Vitamins and minerals, aka micronutrients, do not provide energy, but are key players in energy production and other body functions needed for optimal performance. Thus far, there are no specific intake recommendations for athletes, although athletes at risk for a deficiency may need additional supplementation. While vitamins do not enhance performance, a deficiency can lead to poor performance. Keep in mind, though this is an article about athletes, the functions and Daily Recommended Intakes apply to the general population. You may not need to perform on the court or the field, but rather at your workplace or at home. Here are the top 5 micronutrients, and how they play a role in the body.
The “sun vitamin”, or Vitamin D as we all know, is necessary for:
- calcium metabolism (important for muscle contraction)
- overall bone health.
Vitamin D deficiency is one of the most common vitamin deficiencies we see today. A study looking at a Vitamin D levels in 18,883 people showed that almost half of the participants were deficient in Vitamin D. Athletes need to take in an adequate amount of Vitamin D in order to protect themselves from injury and optimize performance. Studies show that 30 min of sun exposure, without a protective barrier (i.e. sunscreen), can promote daily uptake of adequate amounts of vitamin D. Note: Sunscreen must be applied after this allotted time to avoid sunburn. For sports that take place indoors or athletes that train indoors (those in the colder parts of the world) are at higher risk for Vitamin D deficiency due to lack of sun exposure.
DRI: 600IU (1-70 years old), 800IU (71 or older)
Foods containing Vitamin D: Fortified milk and cereals, eggs, cod-liver oil, seafood
Not only is vitamin C a key vitamin for optimal athletic performance, it also serves as an antioxidant that helps fight infection and damage to the body’s cells. Vitamin C also has other roles such as helping in the production of collagen (connective tissue that hold bones and muscle together), help with the absorption of other key vitamins/minerals such as folate and iron, as well as helps prevent bruising by strengthening blood vessels.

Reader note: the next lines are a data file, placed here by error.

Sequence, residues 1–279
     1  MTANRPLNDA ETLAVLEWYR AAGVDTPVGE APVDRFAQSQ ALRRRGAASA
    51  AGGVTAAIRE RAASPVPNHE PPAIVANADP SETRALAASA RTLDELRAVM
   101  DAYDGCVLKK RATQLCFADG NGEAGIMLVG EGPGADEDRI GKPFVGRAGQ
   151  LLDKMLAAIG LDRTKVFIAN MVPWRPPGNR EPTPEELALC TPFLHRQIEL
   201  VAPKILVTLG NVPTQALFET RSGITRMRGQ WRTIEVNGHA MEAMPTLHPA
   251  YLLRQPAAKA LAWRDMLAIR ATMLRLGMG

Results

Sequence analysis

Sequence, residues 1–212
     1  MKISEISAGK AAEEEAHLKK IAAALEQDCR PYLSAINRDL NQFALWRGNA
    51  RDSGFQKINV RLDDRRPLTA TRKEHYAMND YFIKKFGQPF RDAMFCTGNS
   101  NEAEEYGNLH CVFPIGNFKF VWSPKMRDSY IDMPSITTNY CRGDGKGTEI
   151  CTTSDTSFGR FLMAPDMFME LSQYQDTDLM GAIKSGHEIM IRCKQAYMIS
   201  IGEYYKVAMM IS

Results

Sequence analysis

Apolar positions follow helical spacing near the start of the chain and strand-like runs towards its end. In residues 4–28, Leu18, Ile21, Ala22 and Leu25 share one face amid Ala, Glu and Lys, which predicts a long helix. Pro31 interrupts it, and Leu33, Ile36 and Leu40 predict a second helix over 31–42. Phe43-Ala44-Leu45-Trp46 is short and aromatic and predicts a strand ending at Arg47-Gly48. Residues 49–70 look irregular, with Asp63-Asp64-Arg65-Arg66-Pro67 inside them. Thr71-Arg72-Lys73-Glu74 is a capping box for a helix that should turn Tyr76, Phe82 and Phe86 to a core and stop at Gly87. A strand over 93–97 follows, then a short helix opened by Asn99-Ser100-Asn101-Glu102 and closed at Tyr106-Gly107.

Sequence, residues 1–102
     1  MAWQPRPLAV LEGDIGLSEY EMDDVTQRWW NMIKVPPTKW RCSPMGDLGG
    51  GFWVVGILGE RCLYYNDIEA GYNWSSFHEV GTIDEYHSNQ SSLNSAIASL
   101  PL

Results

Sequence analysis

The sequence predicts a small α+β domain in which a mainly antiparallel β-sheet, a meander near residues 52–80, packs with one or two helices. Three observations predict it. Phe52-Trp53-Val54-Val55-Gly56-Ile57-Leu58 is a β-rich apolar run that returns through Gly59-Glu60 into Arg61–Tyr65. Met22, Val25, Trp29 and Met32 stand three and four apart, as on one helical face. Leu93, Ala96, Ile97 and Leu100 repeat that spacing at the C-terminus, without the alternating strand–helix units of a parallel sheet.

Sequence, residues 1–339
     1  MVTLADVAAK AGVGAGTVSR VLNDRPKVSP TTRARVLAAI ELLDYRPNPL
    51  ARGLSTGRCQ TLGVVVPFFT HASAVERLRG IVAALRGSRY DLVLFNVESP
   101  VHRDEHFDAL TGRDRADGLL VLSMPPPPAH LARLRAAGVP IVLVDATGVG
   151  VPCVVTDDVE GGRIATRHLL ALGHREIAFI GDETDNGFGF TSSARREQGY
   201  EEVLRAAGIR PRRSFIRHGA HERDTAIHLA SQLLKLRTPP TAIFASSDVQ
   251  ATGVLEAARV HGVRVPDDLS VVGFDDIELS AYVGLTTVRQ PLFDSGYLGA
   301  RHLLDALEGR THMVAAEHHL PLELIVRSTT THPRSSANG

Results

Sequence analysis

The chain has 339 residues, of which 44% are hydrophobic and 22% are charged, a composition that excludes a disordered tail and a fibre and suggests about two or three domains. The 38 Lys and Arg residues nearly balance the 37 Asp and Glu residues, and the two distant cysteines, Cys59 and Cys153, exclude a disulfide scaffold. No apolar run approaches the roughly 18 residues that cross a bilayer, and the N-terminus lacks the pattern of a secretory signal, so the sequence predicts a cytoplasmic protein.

DRI: 90mg(men), 75mg(women)
Foods containing Vitamin C: Citrus fruits (orange, grapefruit, tangerine), strawberries, tomatoes, broccoli
The B vitamins include thiamin, riboflavin, B6, B12, niacin and folate. These vitamins are vital for:
- Helps breakdown carbohydrates and proteins for energy
- Supports anaerobic and aerobic performance
- Red blood cell formation (transporting oxygen)
- Production of hemoglobin
- Heart health
Since vitamin B12 comes from animal sources, individuals that eliminate meat and other animal products from their diet are at risk for vitamin B12 deficiency. It is recommended that these individuals supplement with B12 and B12 fortified foods.
Thiamine: 1.2mg (men), 1.1mg (women)
Riboflavin: 1.3mg (men), 1.1 (women)
B6: 1.3mg (31-50 years old), 1.7mg (men 51 years and over), 1.5mg (women 51 years and over)
Niacin: 16mg (men), 14mg (women)
Foods containing B-vitamins: Almonds, milk, yogurt, cheese, meat, fortified breads and cereals, meat, fish, poultry, seeds, dark leafy vegetables, eggs, peanut butter
Calcium goes hand in hand with vitamin D because vitamin D helps the cells absorb calcium. Proper intake of calcium is needed for the following reasons:
- Support bone growth
- Increase bone mass
- Help in nerve impulses
- Important for muscle contraction
Athletes that have a poor calcium intake have an increased risk for stress fractures and other bone related injuries. This is especially important for the younger athletes since their bones can not handle as much stress as an adult’s mature bone can. For the vegetarian athletes, you can obtain your daily requirement without having to consume milk or milk products. Calcium can be found in an array of vegetables such as leafy green vegetables.
Foods containing Iron: Milk and milk products (yogurt, cheese), green leafy vegetables (broccoli, kale, bok choy, etc.), sardines, salmon, fortified juices, tofu
Iron deficiency can have a huge impact in athletic performance. First, let us look at what iron does in the body. Iron is important for:
- Transportation of oxygen throughout the body
- A system that helps cells release energy
- Red blood cell production
- Maintaining a healthy immune system
Iron has two forms: one that comes from animal sources (heme iron) and one that comes from plant sources (non-heme iron). Heme iron is absorbed easier than non-heme iron, but when paired together (delicious spinach salad topped with a lean steak) both sources get absorbed better. Another cool trick to increase iron absorption is to pair iron sources with vitamin C sources. Vitamin C helps the body increases the efficiency of iron absorption. Keep in mind, foods containing calcium (i.e. milk and milk products) and caffeine (coffee, tea, etc.) can decrease iron absorption.
DRI: 8mg(men), 18mg(women)
Foods containing Iron: Heme- Lean meat and seafood; Non-heme– Green leafy vegetables, nuts, beans, and fortified grains